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Tiny but mighty

Watching the evolution of Dutch agriculture on TV

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Yasemin Bagci (otwiera się w nowym oknie) (Beeld en Geluid)

The Netherlands is one of the smallest countries of Europe. Despite this modest size, over the years, it has become the second largest agricultural exporter in the world (after the United States). The Netherlands generates around €25 billion a year by exporting meat, dairy produce and vegetables. When and how did this happen, and how was this major transformation reflected on TV?

Post-war rebirth

After World War II, the Dutch landscape underwent major changes. To stop the famines that occurred during the occupation by Nazi Germany, a new paradigm called ‘nooit meer honger’ meaning ‘no hunger again’ was applied to food production. This involved new policies focusing on efficiency, optimisation, food abundance and self-sufficiency. The tools and processes intended to achieve these goals included fast industrialisation, mechanisation, farmer specialisation and larger farms. These reforms proved very effective, with productivity soaring as a result. In 1962, Irish TV reported on the exceptional Dutch fruit and vegetable production.

The reforms were the vision of Sicco Mansholt, the Dutch Minister of Agriculture in the late 1940s and 1950s. Dutch agriculture became associated with large scale industrialised and specialised farms that increased productivity whilst decreasing the need for continuous heavy farming.

Mansholt’s efforts were regularly shown in newsreels showing the state’s support in pushing agriculture forward. In this excerpt from 1952, we see the minister opening a new space in the complex of The Company Laboratory for Soil and Crops Research "Mariëndaal" in Oosterbeek.

Anything left for nature?

Today, two-thirds of the total land area of the Netherlands is used for agricultural purposes. Grassland extends over half of this agricultural land, while arable farming represents a quarter. Given the small size and high density of the Netherlands, such an agricultural system has had a major impact on nature in and around these farmlands.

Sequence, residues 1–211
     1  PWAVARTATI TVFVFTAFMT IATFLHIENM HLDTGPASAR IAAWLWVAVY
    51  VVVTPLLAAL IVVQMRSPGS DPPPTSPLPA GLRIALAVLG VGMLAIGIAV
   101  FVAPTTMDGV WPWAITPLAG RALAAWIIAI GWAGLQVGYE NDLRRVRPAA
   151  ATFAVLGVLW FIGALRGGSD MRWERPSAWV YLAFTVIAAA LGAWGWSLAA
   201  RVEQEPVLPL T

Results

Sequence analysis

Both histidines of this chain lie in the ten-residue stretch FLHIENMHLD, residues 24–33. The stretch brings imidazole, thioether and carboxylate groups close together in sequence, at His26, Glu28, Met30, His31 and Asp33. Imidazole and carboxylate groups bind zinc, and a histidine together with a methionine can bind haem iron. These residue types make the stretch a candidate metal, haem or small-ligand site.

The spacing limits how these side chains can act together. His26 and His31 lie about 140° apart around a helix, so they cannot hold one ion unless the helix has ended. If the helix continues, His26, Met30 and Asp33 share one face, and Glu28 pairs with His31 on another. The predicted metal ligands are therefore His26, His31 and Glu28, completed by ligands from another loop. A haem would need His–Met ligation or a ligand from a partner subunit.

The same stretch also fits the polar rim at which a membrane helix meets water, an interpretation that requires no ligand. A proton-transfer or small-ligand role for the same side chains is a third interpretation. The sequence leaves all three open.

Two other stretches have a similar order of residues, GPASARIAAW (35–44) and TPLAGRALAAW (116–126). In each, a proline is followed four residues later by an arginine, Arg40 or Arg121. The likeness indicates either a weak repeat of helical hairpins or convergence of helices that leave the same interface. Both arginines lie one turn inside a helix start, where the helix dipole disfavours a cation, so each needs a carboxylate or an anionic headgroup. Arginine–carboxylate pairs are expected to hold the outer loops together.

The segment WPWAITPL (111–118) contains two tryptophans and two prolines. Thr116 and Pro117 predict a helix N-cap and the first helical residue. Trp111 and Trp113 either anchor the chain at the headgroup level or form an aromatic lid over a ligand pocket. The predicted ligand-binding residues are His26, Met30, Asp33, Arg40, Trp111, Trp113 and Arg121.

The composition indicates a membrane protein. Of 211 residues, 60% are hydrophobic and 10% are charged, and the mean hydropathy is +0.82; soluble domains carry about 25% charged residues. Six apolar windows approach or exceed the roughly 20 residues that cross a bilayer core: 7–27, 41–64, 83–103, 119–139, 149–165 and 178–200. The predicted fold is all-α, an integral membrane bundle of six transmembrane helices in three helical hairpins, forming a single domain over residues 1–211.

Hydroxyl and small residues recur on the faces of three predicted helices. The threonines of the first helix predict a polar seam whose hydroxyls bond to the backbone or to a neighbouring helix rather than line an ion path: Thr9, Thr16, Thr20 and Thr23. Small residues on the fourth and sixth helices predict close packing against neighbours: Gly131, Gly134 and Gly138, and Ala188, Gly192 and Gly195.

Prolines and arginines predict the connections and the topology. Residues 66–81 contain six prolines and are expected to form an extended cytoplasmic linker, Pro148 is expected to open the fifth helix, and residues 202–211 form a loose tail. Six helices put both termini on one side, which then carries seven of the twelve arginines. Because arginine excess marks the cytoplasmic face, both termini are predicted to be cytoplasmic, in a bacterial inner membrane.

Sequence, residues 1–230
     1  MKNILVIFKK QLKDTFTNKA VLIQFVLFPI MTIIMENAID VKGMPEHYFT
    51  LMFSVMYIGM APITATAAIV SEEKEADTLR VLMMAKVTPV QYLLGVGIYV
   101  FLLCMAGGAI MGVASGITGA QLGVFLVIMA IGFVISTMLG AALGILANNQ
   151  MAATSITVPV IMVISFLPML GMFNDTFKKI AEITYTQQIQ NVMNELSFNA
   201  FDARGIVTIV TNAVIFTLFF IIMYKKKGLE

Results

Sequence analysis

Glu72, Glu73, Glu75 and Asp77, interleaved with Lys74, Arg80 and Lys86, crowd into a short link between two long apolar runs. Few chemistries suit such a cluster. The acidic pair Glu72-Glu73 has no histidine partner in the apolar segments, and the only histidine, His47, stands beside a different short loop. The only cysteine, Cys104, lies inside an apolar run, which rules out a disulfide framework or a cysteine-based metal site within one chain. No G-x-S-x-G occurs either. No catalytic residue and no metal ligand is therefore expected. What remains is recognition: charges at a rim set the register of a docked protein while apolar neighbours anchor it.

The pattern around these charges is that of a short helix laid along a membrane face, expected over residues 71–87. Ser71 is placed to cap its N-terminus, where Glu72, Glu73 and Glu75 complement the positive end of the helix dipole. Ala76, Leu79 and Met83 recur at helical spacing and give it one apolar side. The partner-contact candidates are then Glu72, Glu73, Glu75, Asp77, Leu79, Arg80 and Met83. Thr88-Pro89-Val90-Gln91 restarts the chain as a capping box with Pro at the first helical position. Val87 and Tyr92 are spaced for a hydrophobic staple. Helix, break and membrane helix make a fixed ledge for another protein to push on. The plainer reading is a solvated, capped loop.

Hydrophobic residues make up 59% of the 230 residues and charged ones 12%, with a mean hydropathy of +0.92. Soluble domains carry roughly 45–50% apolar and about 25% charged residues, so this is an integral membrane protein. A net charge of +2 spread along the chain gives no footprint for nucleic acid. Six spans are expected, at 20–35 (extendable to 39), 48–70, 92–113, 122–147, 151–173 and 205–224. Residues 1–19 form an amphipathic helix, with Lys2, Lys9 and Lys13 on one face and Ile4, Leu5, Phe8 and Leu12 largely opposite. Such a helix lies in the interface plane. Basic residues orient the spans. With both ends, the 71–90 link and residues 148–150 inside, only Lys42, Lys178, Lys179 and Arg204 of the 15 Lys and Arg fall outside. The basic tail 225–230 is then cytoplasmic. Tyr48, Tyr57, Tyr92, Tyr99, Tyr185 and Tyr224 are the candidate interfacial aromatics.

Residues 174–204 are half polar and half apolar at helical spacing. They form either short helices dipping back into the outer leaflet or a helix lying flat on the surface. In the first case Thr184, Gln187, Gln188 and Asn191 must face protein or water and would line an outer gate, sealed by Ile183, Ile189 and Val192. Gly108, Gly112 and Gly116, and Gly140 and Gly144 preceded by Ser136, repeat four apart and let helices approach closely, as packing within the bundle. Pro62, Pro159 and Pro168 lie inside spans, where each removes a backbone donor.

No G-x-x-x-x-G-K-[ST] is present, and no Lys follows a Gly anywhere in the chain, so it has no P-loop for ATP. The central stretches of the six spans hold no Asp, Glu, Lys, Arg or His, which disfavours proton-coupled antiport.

Over recent years, unforeseen environmental issues have come to the surface, revealing that the productivity paradigm needs to be replaced with one that sustains and protects nature.

A major consequence of industrialised agricultural practice is the loss of biodiversity. For example, bird species inhabiting farm areas have apparently declined by more than 70% since 1960. Intensive farming has caused their bird habitats to deteriorate, affecting nutrition, nesting and chick survival.

To remedy this situation, the Dutch government has proposed various measures over recent decades. For example, this TV programme shows a farmer who decided to sell his land to the state for conversion into a nature reserve. But are such measures sufficient to restore biodiversity?

Global example

Since 2019, the negative impact of nitrogen deposits on the biodiversity of nature reserves has been a key concern of environmentalists and soil scientists. And since the Dutch agricultural sector is responsible for the largest release of nitrogen in the environment, a new vision has been formulated to counterbalance and decrease this trend.

Carola Schouten, the Dutch Minister of Agriculture since 2017, has set out to advocate for the wide adoption of circular agriculture in the Netherlands, also called ‘Kringlooplandbouw’. It is intended that, by 2030, the Netherlands will be a leader in circular agriculture. This means that both the cycles of resources (nutrients, water, etc.), as well as the agricultural production methods, will be optimised to be as efficient as possible.

To learn more about circular agriculture, watch this webinar by Dr. Saskia Visser, Head of Program in Circular and Climate Neutral Society at Wageningen University and Research.


This blog is part of the editorials of Europeana SUBTITLED, a new Europeana Generic services project including seven major national broadcasters and audiovisual archives from seven European countries. Under the theme of 'Broadcasting Europe’ our editorials will showcase how society has been reflected on the television screen in the past eight decades during times of conflict, restrictive regimes, political change, and peace. To this end, we’ll use a diverse range of material from the Europeana collections, with a focus on lesser-known and newly aggregated AV content. For more information about Europeana SUBTITLED, visit this page.